The Washington Post: It’s Not Just ISIS. Many Terrorist Groups Have Been Declared Dead — Only To Rise Again.

“When political leaders have announced the defeat of terrorist groups in the past, a certain degree of skepticism often would have been warranted. It’s perhaps too early to tell if the same lesson applies to the most recent group to be declared dead: the Islamic State, which according to a tweet by President Trump last month and remarks by Vice President Pence on Wednesday, has now been defeated. The alleged defeat of the group by anti-ISIS coalition forces was Trump’s main argument to justify his decision to withdraw U.S. military personnel from Syria, despite objections by his own advisers. Less than a month later, on Wednesday, four Americans were killed in an attack in the Syrian city of Manbij, inevitably raising new doubts over any assessment that the Islamic State is beaten. The Islamic State could still succeed in reinventing itself, my colleague Adam Taylor writes, noting that “defeating an insurgent group that uses guerrilla tactics and terrorism is more difficult than beating a group that is trying to actually hold ground.” A look back in history shows that it certainly would not be the first group to morph into something different while maintaining its deadly mission.”

CNN: Initial US Assessment Says ISIS Behind Syria Bombing

“The initial US assessment of the deadly bombing in Syria that killed four Americans is that ISIS was behind the attack, two US officials said Thursday. One official said it is believed that Wednesday's attack in Manbij was carried out by an ISIS sleeper cell. ISIS claimed responsibility for the bombing on Wednesday. The ISIS-affiliated Amaq agency said the attack was carried out by a suicide bomber with an explosive vest. The American deaths included two US service members, a defense contractor and a Department of Defense civilian, the US Central Command said in a statement. Three other US service members were injured in the attack. Prior to Wednesday's attack, only two US service members had been killed in action in Syria since the start of the campaign in 2014. Eight civilians and two Syrian Democratic Forces fighters were killed alongside the four Americans -- a total of 14 people, a senior commander at the Manbij Military Council told CNN Thursday. The restaurant that was bombed "was frequented by Coalition Forces," the commander said. "Such attacks were expected. We expected an increase in the attacks, especially that ISIS is in its final stages, but all the attacks that have happened so far have been small," he added.”

CBS News: ISIS Is Morphing In Syria, But It's Not Beaten Yet

“As CBS News senior national security correspondent David Martin reported on Thursday, President Trump appears to be standing firm on his decision to pull American forces out of Syria. The president himself has not yet commented on the topic since four Americans were killed in a targeted attack by ISIS in northern Syria on Wednesday. But Vice President Mike Pence did reiterate Mr. Trump's assertions, not long after the U.S. confirmed the casualties, that ISIS had been defeated in Syria and it is time to bring American troops home. Visiting the front lines of the ongoing war this week with U.S.-backed Kurdish fighters, however, CBS News correspondent Charlie D'Agata saw a different reality. What follows is his report from the front-line town of Ash Sha'fah, in eastern Syria. President Trump and Vice President Pence may continue to insist that ISIS is defeated in Syria, but the frontlines here tell a very different story, with U.S. forces and their allies on the ground battling a persistent enemy that refuses to surrender.Even as we made our way toward the fighting, we were warned that ISIS terror cells lurked among the ruined villages, launching counterattacks and planting bombs on the only road in and out.”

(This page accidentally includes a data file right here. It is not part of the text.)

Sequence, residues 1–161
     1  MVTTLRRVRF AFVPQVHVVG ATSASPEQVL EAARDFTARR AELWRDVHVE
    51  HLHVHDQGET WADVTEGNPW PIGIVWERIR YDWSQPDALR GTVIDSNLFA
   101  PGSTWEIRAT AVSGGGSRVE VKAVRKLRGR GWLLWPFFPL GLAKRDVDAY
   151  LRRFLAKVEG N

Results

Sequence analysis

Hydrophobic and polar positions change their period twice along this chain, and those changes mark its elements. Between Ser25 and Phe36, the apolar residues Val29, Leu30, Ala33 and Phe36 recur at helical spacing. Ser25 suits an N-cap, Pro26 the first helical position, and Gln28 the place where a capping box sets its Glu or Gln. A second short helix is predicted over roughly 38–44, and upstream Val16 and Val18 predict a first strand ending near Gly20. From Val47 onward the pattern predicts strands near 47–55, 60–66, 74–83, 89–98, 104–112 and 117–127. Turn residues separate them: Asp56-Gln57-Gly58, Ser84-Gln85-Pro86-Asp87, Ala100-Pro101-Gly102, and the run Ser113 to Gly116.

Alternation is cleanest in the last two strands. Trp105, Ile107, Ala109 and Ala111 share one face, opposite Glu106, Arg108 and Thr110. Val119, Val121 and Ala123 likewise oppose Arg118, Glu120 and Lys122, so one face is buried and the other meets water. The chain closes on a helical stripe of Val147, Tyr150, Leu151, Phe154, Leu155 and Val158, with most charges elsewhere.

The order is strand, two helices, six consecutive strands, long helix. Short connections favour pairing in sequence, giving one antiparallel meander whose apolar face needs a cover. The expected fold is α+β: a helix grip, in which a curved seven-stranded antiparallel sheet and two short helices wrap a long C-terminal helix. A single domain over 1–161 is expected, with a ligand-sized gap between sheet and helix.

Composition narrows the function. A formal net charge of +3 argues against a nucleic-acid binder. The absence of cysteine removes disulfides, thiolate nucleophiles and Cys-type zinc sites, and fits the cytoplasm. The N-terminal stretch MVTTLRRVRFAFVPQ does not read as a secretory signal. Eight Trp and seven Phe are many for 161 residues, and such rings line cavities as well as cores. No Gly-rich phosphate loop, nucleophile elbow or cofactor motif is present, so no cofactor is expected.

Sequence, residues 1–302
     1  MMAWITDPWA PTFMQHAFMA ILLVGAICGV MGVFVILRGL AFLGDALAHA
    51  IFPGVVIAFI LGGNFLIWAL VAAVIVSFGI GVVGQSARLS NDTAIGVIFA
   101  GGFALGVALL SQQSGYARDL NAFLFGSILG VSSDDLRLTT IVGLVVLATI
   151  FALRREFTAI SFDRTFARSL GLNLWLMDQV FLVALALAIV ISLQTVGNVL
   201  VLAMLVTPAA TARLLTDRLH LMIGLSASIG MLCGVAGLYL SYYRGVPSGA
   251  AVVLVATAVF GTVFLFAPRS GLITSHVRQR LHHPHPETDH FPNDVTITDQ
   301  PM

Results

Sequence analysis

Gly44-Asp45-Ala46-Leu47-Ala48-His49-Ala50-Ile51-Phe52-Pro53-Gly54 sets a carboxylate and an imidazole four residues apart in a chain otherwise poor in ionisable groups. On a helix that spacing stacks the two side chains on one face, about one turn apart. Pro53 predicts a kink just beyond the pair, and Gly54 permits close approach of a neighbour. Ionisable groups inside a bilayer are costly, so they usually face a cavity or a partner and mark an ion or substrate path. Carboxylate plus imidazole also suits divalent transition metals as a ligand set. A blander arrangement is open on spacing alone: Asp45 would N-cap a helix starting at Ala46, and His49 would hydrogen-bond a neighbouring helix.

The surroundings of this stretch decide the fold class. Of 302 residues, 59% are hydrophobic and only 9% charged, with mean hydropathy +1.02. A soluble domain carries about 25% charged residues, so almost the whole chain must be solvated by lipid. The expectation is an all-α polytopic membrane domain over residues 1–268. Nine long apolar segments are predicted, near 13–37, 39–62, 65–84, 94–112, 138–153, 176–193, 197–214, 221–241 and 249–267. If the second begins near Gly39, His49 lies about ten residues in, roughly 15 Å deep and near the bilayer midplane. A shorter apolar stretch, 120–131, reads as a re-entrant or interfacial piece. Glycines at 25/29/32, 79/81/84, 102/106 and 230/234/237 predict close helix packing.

CBS News: ISIS Sleeper Cells Increase Attacks Away From The Battlefield In Syria

“U.S. intelligence has confirmed ISIS was responsible for a an attack at a restaurant in the city of Manbij Wednesday that left four Americans and more than a dozen others dead. Manbij had been considered a relatively safe place. Now, the bombing has underlined how ISIS remains a lethal force with widespread reach.  The attack happened around 150 miles from where U.S. troops and their allies have ISIS pinned down. As far as the terror group is concerned, any street in Syria is the front line.  Even as ISIS is diminished on the battlefield, sleeper cells have increased attacks away from it, morphing from a territorial force to an insurgent terror network, launching hit and run attacks. A drive-by assassination of a Kurdish commander took place in broad daylight along a road miles from any front line.  Ahmed Omar, a political adviser to the Kurdish government, said the decision to withdraw 2,000 U.S. forces from Syria has only emboldened the terror group. ISIS would not be finished — instead, they would just change their strategy and tactics, he said. While commanders here believe the final push against ISIS may be over in less than two months, no one dares predict what comes after that.”

Al Jazeera: Syria's War: Who Is Responsible For The Dying Children Of Rukban?